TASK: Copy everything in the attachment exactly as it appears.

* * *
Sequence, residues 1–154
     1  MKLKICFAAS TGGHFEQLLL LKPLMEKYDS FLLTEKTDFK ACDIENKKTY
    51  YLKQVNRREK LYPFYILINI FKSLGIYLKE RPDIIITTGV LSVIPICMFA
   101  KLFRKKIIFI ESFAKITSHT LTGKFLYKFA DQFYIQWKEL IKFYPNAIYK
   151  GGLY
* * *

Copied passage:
Sequence, residues 1–154
     1  MKLKICFAAS TGGHFEQLLL LKPLMEKYDS FLLTEKTDFK ACDIENKKTY
    51  YLKQVNRREK LYPFYILINI FKSLGIYLKE RPDIIITTGV LSVIPICMFA
   101  KLFRKKIIFI ESFAKITSHT LTGKFLYKFA DQFYIQWKEL IKFYPNAIYK
   151  GGLY